Ryan Wolfe The Hockey Writers
Options for More Sabres Scoring
While the Stanley Cup playoffs continue to work toward its yearly fever pitch, franchises find themselves sitting in hockey purgatory, waiting to make their next move. Those teams out of the playoff hunt are certainly looking toward how they will be able to rebuild their lineup top-to-bottom to become one of those final four this time next season.
For the Buffalo Sabres, the work is understandably a little more difficult, but quick upgrades on the free agent market are not out of the realm of possibility.
There are a handful of targets that Buffalo can aim for, but three certainly make more sense for a team looking to make the playoff jump next season.
This one qualifies as the “low hanging fruit” for the Sabres. Oshie had the perfect season right at the end of his contract expiration. What a coincidence.
Oshie recorded a career-high 33 goals on a below-average 143 shots. For those lacking in the math department, that equals out to an absurd shooting percentage of 23.1 percent. His career average definitely a cause for concern there.
Despite scoring at least 26 goals in the last two seasons with an offensively-gifted Washington Capitals, Oshie only hit 20-plus goals once in his seven seasons with the St. Louis Blues.
If Buffalo decides to trade Evander Kane, Sam Reinhart or any other top-six forward, Oshie could step in right away and would likely make an immediate impact.
Oshie may end up as the highest paid free agent forward come July 1, but he most certainly comes with a “buyer beware” next to his price tag.
Don’t forget though, Buffalo does love their American heroes.
Bonino falls into the category of one of those puzzle pieces that you expect to help push your team over the edge in the Stanley Cup playoffs. Luckily for Bonino, he has the track record to prove he is your guy.
His regular season stats aren’t going to jump off the page at you, most certainly as sexy as like Oshie’s regular season stats will, but Bonino brings something else.
A solid third liner, who can fill whichever role you give to him, which we have learned throughout his two seasons in Pittsburgh.
He also played an integral role in helping the Pittsburgh Penguins win the Stanley Cup in 2015-16, tallying 18 points (four goals, 18 assists) in 24 games.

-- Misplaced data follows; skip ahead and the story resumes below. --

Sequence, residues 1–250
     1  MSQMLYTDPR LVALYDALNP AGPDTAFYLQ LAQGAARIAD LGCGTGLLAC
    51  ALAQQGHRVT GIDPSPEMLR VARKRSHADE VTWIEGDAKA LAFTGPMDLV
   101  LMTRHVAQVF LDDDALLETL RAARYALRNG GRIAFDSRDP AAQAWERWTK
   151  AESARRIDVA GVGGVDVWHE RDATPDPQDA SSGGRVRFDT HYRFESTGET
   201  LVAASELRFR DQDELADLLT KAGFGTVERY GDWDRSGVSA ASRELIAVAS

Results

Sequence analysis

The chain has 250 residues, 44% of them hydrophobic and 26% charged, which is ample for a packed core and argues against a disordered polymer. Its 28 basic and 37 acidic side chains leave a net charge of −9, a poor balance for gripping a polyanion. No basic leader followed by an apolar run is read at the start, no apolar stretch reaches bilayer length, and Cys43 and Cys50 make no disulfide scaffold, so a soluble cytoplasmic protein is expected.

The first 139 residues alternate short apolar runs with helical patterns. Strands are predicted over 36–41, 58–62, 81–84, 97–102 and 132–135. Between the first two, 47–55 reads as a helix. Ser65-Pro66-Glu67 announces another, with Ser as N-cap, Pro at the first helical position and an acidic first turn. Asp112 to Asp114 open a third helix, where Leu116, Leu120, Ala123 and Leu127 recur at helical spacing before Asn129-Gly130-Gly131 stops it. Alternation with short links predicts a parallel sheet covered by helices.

Due to his postseason success, Bonino will most certainly see a raise from his current hit of $1.9 million per season, but that should not scare too many teams away.
For Buffalo, he seems like a fit due to the bottom-six lacking the proper type of forwards. Also, current Penguins associate general manager Jason Botterill has been reported as the likely candidate for Buffalo’s vacant GM job. This might give the Sabres a head start in negotiations, should they choose to pursue.
Oh, our old friend Thomas Vanek, who is arguably one of the most gifted Sabres forwards we have seen in years.
There is no time like the present for a good ol’ family reunion between Vanek and the Sabres.
We heard rumblings last offseason that he really wanted to come back to Buffalo, but Tim Murray ended up not negotiating and Vanek ended up with the Detroit Red Wings.
Despite likely having a raised price tag, Vanek could be had on a one or two-year deal, which plays to Buffalo’s strength.
We’ve have seen Vanek play first-hand, to the tune of 497 points (254 goals, 243 assists) in 598 games, which means we know his strengths and weaknesses. Vanek would help shore up the Sabres’ issue with scoring shootout goals. His patented slapshot in the shootout is burned into the brains of many goaltenders throughout the league.
On the other hand, we know Vanek often takes shifts off. We have seen Vanek disappear for games at a time, before blowing up for three or four goals.
He has averaged 20.6 goals per season in the last five seasons and with a team that struggles to score goals, it only makes sense to grab a talent like Vanek.
On the other hand, it must be noted that Vanek has benefitted greatly from offensive zone starts. Last season between Detroit and Florida, he averaged starting in the offensive zone a career-high 71.9 percent of the time. That should tell you everything you need to know about his lackluster defensive reputation.
The ultimate questions we have to ask is this — is his reward worth the risk we all have witnessed first-hand?
That is a decision that will ultimately have to be made, but if Vanek comes back and works out with Jack Eichel, will anyone be upset?
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